Lindy rig with floating jig head diagram

A floating jig head, in addition to the methods outlined above, is a highly efficient technique to make your bait suspend over the bottom and more enticing to fish in the lower water column.

This type of rigging is typically used with live bait or minnows to ensure that the bait moves naturally while being suspended by the floating jig head at the correct height.

This can assist in attracting dispersed walleyes, allowing them to rapidly take your hooks and provide a satisfying tug on your reel.

Lindy Rig With Crawler Harness:

Lindy rig with crawler harness diagram

Most experienced walleye fishermen swear by the success that utilizing nightcrawlers as live bait brings with walleyes during the summer. You should utilize the crawler harness to guarantee your worm stays attached to do so successfully.

Simply tie the loop to the swivel on your Lindy rig after your harness is ready to go, and you’re ready to drop it in the water and fish.

If you’re fishing with large nightcrawlers, consider using a tiny float or bobber to keep them elevated over the muddy bottom; otherwise, they’ll drop like a rock.

How To Fish A Lindy Rig

Lindy fishing is a very adaptable sport that can be done in a variety of ways. You may cast it out with a baited hook and wait for a bite, cast and recover it, drift it, or troll it.

Lindy Rig Trolling

When trolling with a Lindy rig, it’s critical to keep constant contact with the bottom, which necessitates the use of the proper weight and trolling speed. Keep your line at a 45-degree angle and check for regular bottom contact with your sliding sinker as a rule of thumb.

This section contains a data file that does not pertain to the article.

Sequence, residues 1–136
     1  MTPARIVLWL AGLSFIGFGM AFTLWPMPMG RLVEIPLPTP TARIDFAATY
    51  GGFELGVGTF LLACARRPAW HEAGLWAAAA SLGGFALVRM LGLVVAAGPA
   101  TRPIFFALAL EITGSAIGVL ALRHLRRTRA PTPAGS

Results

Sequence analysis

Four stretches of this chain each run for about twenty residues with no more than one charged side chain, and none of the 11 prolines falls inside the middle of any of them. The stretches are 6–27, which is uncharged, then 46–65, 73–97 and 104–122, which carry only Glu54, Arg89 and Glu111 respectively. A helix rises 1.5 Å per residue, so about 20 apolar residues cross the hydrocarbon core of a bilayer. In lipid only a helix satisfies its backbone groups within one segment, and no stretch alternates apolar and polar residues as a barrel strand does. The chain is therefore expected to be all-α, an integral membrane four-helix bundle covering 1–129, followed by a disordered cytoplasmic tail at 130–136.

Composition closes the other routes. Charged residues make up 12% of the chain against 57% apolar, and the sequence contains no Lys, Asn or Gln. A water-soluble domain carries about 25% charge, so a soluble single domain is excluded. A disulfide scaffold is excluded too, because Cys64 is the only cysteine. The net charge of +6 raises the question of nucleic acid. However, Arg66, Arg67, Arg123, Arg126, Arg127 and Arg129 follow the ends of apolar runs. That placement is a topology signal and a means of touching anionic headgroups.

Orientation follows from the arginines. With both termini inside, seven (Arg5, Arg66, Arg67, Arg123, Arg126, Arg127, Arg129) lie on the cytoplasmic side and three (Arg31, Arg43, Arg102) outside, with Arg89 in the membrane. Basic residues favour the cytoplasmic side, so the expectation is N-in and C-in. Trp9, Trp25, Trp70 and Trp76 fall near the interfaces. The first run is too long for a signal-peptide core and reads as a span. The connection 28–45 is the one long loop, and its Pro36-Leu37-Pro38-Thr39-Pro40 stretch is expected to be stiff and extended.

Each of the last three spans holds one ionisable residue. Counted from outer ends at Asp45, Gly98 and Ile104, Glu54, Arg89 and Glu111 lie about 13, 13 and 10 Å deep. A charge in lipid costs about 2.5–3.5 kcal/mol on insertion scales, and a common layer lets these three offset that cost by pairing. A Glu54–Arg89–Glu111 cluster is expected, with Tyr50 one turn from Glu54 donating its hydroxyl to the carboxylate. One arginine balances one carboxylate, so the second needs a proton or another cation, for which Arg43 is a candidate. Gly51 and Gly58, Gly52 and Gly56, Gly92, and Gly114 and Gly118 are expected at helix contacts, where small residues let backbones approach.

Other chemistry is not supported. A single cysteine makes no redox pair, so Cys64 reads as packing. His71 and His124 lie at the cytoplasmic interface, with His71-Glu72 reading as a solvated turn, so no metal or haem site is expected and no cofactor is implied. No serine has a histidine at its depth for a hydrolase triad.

The ideal trolling speed for a Lindy rig is 1 to 1.5 mph, and you’ll need to upsize your sinker to 1 or 1 1/2 oz to get it down to the bottom efficiently.

You don’t want to troll too rapidly with a nightcrawler Lindy rig, especially if you don’t want to pull the worm off the harness. You may also use it for trolling with a slow-death setup, which works well with nightcrawlers.

Lindy Rig Drift Fishing

A Lindy rig is often used to catch walleye when drift fishing. It’s made for this type of fishing and can maintain your live or artificial bait in the optimum strike zone with ease.

Maintain complete contact between your sinker and the bottom of the lake, as with the trolling approach previously stated.

The Lindy rigging will assist you to avoid snags from your hooks on water grasses, twigs, and stones, even if there is debris or another underwater structure to watch out for.


How To Make A Lindy Rig?

You can buy the pre-made Lindy Rig Kits which are the simplest method to put up a Lindy Rig. Also, you can make your own from scratch which is another alternative and is more cost-effective for the hard-core fisherman or lady.


  • Step1: Choose your fishing line and spool it onto your reel.
  • Step 2: Slide your sinker onto the end of the line (either this type of Lindy Walking Sinker or the newer design No Snag Sinker).
  • Step 3: To keep the sinker in place while enabling it to glide up and down the line, tie the barrel swivel to the line.
  • Step 4: Attach a 12-36-inch length of line to the barrel swivel’s opposite end. You can choose the length, however longer is more usual.
  • Step 5: Use a snell knot to secure your size 2, 3, or 4 hooks to the end of this line.

How To Use A Lindy Rig?

When using a Lindy rig to fish, the goal is to troll it gently through the water at the bottom of the lake or river. The live bait should descend fast and maintain some natural movement slightly above the muddy bottom, while the sinker should keep the line drawn down in a U shape.

In this scenario, the natural movement of a minnow or nightcrawler will help keep walleyes engaged.

Try Lindy Fishing!

The Lindy rig is the greatest technique to obtain surefire strikes from that huge trophy fish. Walleye are a fantastic species for both beginners and expert fishermen to target.